Bob had saved me a patch for my tent close to him and the other Preston Harriers. It was great to get the tent up, start eating and to find so many friends to talk to. A brilliant camp site with a warm stream, cool breeze and view out to sea. Some time after 9 I crashed out in my tent, woke briefly at 10 and got into bed for real. A shame not to socialise more but I was tired out. I slept until about 1.30 and then just could not get comfy again so just dozed on and off til dawn.
Day 2 dawned bright and although a little cloudy it was going to be hot and sunny later. I gave myself a generous two hours and pottered about getting ready.

 My back and ribs were stiff  and I prayed the courses would be shorter than the first day. I went for an early start anticipating I would need all the hours we were given. As I marked up my map it did not look shorter and there just as many CPs to collect. Oh heck! The first two CPs went OK although I felt I was losing ground to faster runners. The long contours to the next two controls really mashed my right foot but I fell into stride with Alan who I had met briefly on day 1. I ended up running much of the day not far from him. Tony M came past - slowed for a chat and ploughed on, as did Chris BH. I was cross I could not make myself run more but tried to just enjoy the day out and concentrate on completing. A face plant trying to run over some rough terrain settled it- do NOT do something silly and get injured now. As we got closer to Black Combe there was route choice/ order choice again. For me the decision was made by the deep heather- and being fortunate enough to see someone disappear in a direction I had not considered.
Heather covered spur
 It was enough to make me stop and reconsider. YES- brilliant, descend down to the big bridleway and get them in the opposite order as we clomb to Black Combe. It worked a treat- nice trod down through the bracken, fast jog along the track... a bit of a climb back up but better than stumbling through the heather and gorse for ages. As I climbed up Tony came the other way muttering foul oaths- I had caught him up and over taken him. Good for the morale too  (well mine anyway). Above about 400m the heather have way to shorter veg and stoney ground. I was happy again and pushed on for the summit tarn. Somewhere here I lost Alan. The ridge from there to Whitecombe Moss was very runnable so I stuffed some more pain killers down and shot off. A joy to be running again. I nearly made an dreadful error as my map was folded and I almost forgot about 146 at the other side of Swinside Fell. Once over the fence line there was a huge trod to the control and it was easy running- only to have to come back the same way? I got a shock when I realsied how far down the valley the next control was but it left only one more to get before the finish track. I should have run harder over the side of White Combe but the views were worth soaking in and I was hot. The final descent was steep and dusty (not often you say that in the Lakes). Those on the shorter courses made me feel like I was speeding down but when I compare my splits with Nee Bother etc I was slow.  Mountain Rescue were out attending to a damaged ankle - so someones weekend did not end so happily, but at least it was a warm dry wait. Suddenly the finish was there. Yes. I arrived just in time to be told- kit check please and they are about to do the prize giving.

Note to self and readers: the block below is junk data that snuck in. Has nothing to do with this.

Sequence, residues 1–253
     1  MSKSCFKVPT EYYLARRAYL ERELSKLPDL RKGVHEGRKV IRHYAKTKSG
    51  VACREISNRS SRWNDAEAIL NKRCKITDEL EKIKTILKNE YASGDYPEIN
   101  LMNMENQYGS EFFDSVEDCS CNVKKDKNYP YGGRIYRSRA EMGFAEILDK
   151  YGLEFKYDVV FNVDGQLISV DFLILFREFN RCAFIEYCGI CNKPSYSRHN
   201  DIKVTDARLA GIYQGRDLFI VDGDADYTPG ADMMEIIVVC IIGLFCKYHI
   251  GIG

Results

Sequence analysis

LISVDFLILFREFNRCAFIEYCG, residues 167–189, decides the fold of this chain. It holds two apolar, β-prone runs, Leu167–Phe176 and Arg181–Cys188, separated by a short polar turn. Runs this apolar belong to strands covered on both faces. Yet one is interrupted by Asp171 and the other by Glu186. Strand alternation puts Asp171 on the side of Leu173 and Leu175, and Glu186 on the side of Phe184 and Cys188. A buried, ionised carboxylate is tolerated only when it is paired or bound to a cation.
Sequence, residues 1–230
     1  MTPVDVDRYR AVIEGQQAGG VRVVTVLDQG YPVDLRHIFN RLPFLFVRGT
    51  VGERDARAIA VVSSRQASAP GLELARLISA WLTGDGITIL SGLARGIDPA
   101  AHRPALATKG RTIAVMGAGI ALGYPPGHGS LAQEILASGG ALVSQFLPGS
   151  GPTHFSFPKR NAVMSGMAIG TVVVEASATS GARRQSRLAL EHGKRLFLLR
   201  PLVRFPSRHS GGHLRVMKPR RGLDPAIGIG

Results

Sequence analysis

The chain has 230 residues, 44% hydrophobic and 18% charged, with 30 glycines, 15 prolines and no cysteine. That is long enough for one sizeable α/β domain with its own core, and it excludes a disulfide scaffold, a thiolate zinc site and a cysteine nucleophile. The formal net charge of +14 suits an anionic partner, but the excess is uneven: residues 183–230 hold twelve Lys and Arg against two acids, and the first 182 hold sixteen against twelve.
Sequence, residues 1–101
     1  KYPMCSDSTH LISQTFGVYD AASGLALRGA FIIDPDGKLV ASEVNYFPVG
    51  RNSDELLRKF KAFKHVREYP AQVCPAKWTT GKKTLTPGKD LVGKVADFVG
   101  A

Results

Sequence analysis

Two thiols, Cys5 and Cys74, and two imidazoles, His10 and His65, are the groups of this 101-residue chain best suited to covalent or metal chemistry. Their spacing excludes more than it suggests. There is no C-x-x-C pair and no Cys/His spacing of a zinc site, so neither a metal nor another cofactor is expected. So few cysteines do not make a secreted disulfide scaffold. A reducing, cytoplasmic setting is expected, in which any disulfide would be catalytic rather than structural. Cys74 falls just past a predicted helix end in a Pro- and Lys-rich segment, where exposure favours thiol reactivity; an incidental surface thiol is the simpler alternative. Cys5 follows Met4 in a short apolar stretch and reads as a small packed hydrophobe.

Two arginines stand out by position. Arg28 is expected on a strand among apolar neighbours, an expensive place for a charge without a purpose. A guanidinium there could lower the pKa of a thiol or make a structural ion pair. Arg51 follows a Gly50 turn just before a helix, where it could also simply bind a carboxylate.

We moved out to the tables in the sun to join in the applause and Bob went to get my meal for me. I had promised myself a laze in the river but could not bring myself to walk that far. I sat chatting and then wandered back to the van to freshen up before the drive home. A really enjoyable weekend and proof that mind over matter really can work. I had completed the Klets again and so managed to be first lady. Julie was proud to complete day 1 and will be back for more but knew she would be timed out on day 2 so headed back early. I now have some raw patches on my back from the rub of a sweaty sack but no regrets except perhaps not carrying my camera! I might edit and add photos to this as some become available from other sources.  Next weekend I might have a rest as I am out with pupils doing DoE on Fri-Sat. Or perhaps I could run on Sunday?